Yersinia pestis is the causative agent of plague which has caused widespread loss of human life during recurrent pandemics. On average approximately 2500 cases of human plague occur world-wide each year. Recently over 98% of the plague cases are found in Africa. In nature, the bacterium cycles between mammals (mainly rodents) and fleas. The interaction of plague with fleas is facilitated by the formation of a biofilm. In the oriental rat flea, Xenopsylla cheopis, formation of the biofilm leads to blockage of the valve between the esophagus and stomach of the flea, known as the proventriculus. Blockage of the proventriculus may extend the transmission time. The hemin-storage genes (hms) of Y. pestis are responsible for the production of a biofilm which is essential for flea blockage. The Hms+ phenotype was initially characterized as the ability of cells grown at 26:C but not 37:C, to bind exogenous hemin or the dye, Congo red, and is due to the production of an exopolysaccharide matrix or biofilm. There are at least 5 genes involved in the synthesis of the Hms- dependent biofilm;hmsHFRS, hmsT, and hmsP. Two of these gene products, HmsP and HmsT, are responsible for the synthesis and turnover of the signaling molecule, cyclic di-guanylic acid. Over-production of HmsT, a diguanylate cyclase, or the absence of HmsP, a phosphodiesterase, leads to increased biofilm formation. Polyamines also play a role in the creation of a Y. pestis biofilm. Mutants that are unable to synthesize polyamines can not form a biofilm unless supplied with exogenous putrescine. This proposal will continue studies on the mechanisms that control biofilm development and the protein-protein interactions needed for biofilm formation. The biochemical functions of the Hms proteins as well as the role of the biofilm in fleas and mice will be addressed.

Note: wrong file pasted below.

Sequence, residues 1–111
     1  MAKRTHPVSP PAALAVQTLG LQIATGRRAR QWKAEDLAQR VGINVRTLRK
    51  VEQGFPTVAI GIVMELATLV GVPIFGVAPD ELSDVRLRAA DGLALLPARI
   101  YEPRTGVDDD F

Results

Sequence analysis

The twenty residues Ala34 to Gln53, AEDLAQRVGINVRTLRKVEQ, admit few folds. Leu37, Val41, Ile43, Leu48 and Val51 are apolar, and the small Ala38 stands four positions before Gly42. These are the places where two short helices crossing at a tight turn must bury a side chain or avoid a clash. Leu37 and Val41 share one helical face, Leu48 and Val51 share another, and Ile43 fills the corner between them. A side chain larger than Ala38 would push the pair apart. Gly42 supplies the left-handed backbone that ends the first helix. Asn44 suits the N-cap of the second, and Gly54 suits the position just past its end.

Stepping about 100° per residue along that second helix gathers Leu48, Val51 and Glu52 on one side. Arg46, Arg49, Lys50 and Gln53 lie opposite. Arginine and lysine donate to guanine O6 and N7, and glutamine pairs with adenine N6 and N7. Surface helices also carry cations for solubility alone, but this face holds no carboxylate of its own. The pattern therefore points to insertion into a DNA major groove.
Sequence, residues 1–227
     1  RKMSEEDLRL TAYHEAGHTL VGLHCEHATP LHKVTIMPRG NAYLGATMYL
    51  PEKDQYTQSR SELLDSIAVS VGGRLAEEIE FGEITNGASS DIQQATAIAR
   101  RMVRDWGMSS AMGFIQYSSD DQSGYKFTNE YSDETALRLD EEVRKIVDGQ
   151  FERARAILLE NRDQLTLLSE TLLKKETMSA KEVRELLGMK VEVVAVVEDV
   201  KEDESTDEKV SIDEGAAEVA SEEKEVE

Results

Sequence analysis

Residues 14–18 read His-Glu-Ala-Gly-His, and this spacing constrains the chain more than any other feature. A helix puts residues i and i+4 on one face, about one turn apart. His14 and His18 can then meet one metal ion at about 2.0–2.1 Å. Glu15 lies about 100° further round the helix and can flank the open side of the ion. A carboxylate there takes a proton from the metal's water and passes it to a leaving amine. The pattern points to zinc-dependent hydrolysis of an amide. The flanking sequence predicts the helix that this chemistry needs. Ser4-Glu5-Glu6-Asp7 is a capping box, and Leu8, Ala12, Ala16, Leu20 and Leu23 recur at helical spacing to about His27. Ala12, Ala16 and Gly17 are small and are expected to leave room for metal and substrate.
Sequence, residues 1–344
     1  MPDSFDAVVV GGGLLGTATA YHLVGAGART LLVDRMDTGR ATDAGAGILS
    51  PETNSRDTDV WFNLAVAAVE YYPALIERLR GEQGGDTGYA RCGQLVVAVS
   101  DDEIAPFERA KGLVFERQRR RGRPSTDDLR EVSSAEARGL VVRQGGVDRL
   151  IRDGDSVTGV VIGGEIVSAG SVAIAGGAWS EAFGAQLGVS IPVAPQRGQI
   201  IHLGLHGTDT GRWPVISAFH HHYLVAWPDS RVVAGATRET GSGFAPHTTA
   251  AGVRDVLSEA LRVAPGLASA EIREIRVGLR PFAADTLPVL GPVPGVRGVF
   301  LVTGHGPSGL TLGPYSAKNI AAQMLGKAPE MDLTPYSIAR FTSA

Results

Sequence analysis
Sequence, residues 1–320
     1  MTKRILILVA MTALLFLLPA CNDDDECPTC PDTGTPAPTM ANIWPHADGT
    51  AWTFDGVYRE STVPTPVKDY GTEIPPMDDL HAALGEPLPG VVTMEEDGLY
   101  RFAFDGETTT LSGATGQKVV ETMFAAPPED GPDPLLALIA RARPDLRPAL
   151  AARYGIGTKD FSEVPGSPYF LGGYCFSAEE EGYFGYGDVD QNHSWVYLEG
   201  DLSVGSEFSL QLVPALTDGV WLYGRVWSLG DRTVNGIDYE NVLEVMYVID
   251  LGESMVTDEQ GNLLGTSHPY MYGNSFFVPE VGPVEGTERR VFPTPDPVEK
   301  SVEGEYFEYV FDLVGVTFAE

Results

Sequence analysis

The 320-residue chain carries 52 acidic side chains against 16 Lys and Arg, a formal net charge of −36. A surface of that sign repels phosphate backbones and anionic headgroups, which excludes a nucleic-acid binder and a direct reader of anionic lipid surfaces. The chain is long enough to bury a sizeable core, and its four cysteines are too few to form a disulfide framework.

In specific aim 1, the interaction between Y. pestis wild-type cells as well as various hms mutants and different flea species will be investigated. The role of c-di-GMP in virulence of plague will also be examined. Specific factors which regulate biofilm development will be studied in specific aim 2.
In specific aim 3, the interactions between the Hms proteins as well as their biochemical and enzymatic characteristics will be addressed. The proposed studies will provide new insights into the regulation of plague biofilm formation and its role in the transmission of the disease from fleas to mammals. Systems similar to that responsible for plague biofilm are present in a number of diverse bacteria. Biofilms are often associated with the ability to survive harsh conditions as well as increased resistance to antibiotics. Understanding the mechanisms involved in producing the plague biofilm as well as the factors that regulate its production will likely be relevant for biofilm formation in other pathogens.
pestis, the bacterium that causes bubonic and pneumonic plague, produces a sticky substance known as a biofilm. Biofilms are made by several different kinds of bacteria and are often associated with their ability to survive harsh environments and, in some cases, cause disease. Understanding how the plague bacterium makes biofilm may eventually lead to ways to prevent biofilm formation in other bacterial pathogens.
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